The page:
Sideroxylon section Frigoricola (Sapotaceae) comprises eight species of shrubs or small trees endemic to temperate North America. These eight species are Sideroxylon alachuense, S. lanuginosum, S. lycioides, S. macrocarpum, S. reclinatum, S. rufohirtum, S. tenax, and S. thornei. Morphologically, these taxa are distinguished from their tropical congeners by having a combination of fascicled leaves, conspicuously reticulate tertiary venation, short styles, small fruits, and a bipartite hilum scar. A molecular phylogenetic analysis including these eight species plus 17 selected tropical relatives was conducted using nuclear ITS sequence data. The results confirm the monophyly of the group, which is here given recognition at sectional rank. Relationships within the group were investigated based on detailed observations of morphological characters, as well as molecular analysis of the nuclear ITS DNA region, and five chloroplast DNA regions. Morphology-based cladistic analysis yielded a wellresolved phylogeny of the group. Several subclades are evident within the group: the S. lycioides + S. thornei clade, the S. tenax clade (i.e., S. tenax + S. alachuense ), the S. lanuginosum clade (i.e., S. lanuginosum subspp. lanuginosum, rigidum, and albicans), the S. reclinatum clade (i.e., S. reclinatum subspp. reclinatum and austrofloridense), and the S. rufohirtum + S. macrocarpum clade. The S. reclinatum clade plus the S. rufohirtum + S. macrocarpum clade form a clade, i.e., the S. reclinatum complex. DNA analysis suggested alternative groupings, but sequence divergence is minimal for the regions compared. Species of Sideroxylon section Frigoricola are endemic to an area encompassing much of the southeastern United States and the northern tier of states in Mexico, most of these species being concentrated on the North American Coastal Plain from Texas through the Carolinas, an area recently recognized as a global hotspot of biodiversity and endemism. Florida is the center of diversity for the group. Sideroxylon section Frigoricola represents a recent radiation whose species are morphologically distinct and apparently eco-geographically differentiated. A formal taxonomic revision of the section is presented.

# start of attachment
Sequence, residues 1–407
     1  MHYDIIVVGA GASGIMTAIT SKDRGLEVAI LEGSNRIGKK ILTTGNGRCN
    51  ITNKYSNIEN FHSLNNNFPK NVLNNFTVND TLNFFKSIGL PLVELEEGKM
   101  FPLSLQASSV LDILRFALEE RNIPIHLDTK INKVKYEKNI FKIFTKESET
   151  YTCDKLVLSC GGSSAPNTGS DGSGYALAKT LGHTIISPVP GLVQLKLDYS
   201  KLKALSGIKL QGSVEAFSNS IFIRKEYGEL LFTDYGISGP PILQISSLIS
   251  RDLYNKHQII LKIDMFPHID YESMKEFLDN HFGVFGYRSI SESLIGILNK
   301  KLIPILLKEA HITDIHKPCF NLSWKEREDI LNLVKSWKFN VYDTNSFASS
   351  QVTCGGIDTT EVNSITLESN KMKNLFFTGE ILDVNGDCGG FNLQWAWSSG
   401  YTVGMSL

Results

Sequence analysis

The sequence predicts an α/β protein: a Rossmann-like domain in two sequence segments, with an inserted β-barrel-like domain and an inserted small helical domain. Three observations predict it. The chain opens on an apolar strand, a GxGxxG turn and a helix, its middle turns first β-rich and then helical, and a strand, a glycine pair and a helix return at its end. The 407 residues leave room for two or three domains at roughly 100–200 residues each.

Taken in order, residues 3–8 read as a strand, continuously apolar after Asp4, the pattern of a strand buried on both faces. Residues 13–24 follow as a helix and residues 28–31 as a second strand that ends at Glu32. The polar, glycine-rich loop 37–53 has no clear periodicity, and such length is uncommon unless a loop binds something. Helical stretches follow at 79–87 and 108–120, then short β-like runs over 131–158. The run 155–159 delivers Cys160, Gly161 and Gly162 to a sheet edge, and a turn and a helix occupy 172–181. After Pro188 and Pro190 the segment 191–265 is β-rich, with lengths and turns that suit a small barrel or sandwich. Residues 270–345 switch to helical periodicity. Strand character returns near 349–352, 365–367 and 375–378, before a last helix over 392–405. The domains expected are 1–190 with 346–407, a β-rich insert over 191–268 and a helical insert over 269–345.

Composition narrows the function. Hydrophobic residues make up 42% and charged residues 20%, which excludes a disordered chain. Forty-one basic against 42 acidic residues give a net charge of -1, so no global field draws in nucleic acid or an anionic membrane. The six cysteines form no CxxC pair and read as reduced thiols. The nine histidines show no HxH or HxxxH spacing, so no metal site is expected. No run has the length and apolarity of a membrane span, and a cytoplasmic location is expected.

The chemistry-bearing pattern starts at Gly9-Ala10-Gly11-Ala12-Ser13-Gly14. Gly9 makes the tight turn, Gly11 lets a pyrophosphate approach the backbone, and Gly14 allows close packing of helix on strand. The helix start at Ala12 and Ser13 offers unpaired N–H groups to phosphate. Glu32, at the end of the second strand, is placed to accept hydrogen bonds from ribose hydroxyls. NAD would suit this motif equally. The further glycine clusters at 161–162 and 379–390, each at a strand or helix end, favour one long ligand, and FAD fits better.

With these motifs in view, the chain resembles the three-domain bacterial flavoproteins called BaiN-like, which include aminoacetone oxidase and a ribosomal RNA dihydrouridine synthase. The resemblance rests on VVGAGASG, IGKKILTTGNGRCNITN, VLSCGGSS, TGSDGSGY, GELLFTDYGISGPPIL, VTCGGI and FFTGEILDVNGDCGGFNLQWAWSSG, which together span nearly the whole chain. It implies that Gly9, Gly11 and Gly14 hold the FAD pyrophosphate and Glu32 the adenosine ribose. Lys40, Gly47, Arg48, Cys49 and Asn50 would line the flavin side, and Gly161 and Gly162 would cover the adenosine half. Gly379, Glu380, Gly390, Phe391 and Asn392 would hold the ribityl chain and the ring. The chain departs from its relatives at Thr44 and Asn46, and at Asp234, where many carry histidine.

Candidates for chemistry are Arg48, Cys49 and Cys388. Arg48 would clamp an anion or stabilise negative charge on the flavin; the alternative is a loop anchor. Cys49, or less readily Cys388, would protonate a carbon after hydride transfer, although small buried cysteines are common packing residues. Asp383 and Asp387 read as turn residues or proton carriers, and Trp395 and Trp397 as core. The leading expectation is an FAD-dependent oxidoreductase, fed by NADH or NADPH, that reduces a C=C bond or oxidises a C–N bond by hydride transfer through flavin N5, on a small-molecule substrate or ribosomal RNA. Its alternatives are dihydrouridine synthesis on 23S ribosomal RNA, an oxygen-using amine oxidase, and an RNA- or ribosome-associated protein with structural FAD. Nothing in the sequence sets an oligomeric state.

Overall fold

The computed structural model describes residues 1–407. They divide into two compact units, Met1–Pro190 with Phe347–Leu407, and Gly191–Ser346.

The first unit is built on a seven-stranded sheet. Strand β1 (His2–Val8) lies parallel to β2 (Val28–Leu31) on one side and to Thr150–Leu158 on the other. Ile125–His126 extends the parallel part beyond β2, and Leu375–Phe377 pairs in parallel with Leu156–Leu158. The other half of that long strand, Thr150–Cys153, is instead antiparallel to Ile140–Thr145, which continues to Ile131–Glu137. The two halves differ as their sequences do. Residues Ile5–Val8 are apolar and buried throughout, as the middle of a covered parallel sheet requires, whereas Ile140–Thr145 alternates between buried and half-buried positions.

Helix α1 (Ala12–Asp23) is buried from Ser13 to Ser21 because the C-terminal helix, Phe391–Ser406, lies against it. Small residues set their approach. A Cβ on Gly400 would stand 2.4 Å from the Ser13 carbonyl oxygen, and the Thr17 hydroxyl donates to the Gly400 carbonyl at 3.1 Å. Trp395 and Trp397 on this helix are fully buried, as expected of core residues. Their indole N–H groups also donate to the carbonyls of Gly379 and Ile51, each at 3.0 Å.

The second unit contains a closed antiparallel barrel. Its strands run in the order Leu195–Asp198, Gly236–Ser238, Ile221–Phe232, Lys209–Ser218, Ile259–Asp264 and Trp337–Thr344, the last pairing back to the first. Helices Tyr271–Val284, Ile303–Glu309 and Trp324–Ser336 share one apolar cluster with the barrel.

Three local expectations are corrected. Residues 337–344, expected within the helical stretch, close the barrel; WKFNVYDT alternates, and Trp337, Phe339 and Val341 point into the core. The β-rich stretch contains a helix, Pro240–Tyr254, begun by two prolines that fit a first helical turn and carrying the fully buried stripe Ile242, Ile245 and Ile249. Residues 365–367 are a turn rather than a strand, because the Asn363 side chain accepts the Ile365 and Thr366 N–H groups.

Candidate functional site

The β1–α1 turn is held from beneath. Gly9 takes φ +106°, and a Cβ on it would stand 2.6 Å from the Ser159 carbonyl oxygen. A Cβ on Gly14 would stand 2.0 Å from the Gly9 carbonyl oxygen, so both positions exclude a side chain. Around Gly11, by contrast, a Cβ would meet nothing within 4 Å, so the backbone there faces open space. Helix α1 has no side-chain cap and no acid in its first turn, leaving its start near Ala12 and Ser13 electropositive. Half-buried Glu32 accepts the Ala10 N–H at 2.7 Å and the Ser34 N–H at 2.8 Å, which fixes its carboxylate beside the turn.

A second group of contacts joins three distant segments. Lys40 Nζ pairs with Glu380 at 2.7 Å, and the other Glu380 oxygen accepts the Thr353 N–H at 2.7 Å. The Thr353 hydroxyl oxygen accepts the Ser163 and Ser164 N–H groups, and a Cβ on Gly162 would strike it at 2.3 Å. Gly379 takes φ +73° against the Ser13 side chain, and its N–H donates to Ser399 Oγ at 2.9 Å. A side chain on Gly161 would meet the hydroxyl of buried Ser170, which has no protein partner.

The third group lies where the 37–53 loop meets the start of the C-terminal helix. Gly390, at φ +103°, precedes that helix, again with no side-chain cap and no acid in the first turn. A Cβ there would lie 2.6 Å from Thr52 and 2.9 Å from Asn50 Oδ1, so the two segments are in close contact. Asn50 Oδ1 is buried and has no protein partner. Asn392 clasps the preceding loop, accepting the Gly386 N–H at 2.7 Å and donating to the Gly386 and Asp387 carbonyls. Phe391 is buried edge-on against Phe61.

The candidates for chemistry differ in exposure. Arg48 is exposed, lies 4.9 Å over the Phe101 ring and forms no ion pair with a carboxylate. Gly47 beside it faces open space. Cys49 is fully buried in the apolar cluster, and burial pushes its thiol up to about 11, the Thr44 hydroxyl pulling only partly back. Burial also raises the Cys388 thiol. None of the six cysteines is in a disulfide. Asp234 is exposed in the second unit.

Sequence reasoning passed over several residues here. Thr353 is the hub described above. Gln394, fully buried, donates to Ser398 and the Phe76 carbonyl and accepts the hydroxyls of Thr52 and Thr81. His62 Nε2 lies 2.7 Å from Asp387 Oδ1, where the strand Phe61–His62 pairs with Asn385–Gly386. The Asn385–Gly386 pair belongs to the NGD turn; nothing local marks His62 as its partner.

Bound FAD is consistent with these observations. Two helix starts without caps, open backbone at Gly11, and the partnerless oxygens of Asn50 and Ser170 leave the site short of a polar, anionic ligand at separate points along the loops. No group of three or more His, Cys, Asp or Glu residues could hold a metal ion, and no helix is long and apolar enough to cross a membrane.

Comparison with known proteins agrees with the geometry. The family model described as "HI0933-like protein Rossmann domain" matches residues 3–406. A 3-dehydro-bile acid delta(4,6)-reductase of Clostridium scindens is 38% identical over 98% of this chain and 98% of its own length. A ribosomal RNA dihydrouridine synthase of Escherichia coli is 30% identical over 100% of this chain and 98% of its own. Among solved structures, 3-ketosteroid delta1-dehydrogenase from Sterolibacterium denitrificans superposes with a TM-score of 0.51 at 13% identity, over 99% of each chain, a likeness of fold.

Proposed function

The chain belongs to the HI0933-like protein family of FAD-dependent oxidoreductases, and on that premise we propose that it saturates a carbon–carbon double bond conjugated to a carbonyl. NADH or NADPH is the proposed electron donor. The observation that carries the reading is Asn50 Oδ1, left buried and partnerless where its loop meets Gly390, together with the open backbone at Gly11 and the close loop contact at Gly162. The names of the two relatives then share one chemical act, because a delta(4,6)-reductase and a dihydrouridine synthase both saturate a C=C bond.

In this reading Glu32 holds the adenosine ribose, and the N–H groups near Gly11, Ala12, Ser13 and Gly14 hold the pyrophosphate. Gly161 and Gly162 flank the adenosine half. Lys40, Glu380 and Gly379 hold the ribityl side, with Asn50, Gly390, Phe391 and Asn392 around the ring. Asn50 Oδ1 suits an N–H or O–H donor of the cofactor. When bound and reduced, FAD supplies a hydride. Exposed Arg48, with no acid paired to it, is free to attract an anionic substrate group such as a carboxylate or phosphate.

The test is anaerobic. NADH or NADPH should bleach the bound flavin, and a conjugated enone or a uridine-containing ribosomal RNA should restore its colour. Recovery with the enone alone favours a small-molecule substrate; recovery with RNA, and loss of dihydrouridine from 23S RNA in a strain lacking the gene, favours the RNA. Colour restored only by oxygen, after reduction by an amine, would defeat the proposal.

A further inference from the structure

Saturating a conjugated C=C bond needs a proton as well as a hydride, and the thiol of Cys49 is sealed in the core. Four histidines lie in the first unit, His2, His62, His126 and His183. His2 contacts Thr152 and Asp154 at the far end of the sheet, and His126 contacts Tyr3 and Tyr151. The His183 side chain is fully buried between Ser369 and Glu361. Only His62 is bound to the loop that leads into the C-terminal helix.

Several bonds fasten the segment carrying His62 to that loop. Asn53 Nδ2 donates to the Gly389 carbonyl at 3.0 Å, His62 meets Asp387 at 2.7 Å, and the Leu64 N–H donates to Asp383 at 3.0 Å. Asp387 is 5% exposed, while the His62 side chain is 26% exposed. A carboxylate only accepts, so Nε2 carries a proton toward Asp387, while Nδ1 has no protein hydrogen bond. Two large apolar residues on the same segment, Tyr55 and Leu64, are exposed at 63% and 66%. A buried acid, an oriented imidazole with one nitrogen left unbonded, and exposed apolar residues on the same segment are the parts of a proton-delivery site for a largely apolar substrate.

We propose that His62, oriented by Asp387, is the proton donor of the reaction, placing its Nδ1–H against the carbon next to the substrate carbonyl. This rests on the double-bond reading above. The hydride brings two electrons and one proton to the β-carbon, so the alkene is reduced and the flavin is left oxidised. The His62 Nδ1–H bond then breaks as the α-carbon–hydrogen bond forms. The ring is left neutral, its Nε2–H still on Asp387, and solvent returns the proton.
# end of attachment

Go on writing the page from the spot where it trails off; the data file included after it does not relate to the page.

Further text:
|Advisor:||Judd, Walter S.|
|Commitee:||Smith, Nigel, Soltis, Pamela S., Williams, Norris H.|
|School:||University of Florida|
|School Location:||United States -- Florida|
|Source:||DAI-B 79/04(E), Dissertation Abstracts International|
|Subjects:||Botany, Systematic biology|
|Keywords:||Florida, endemic, taxonomic revision|
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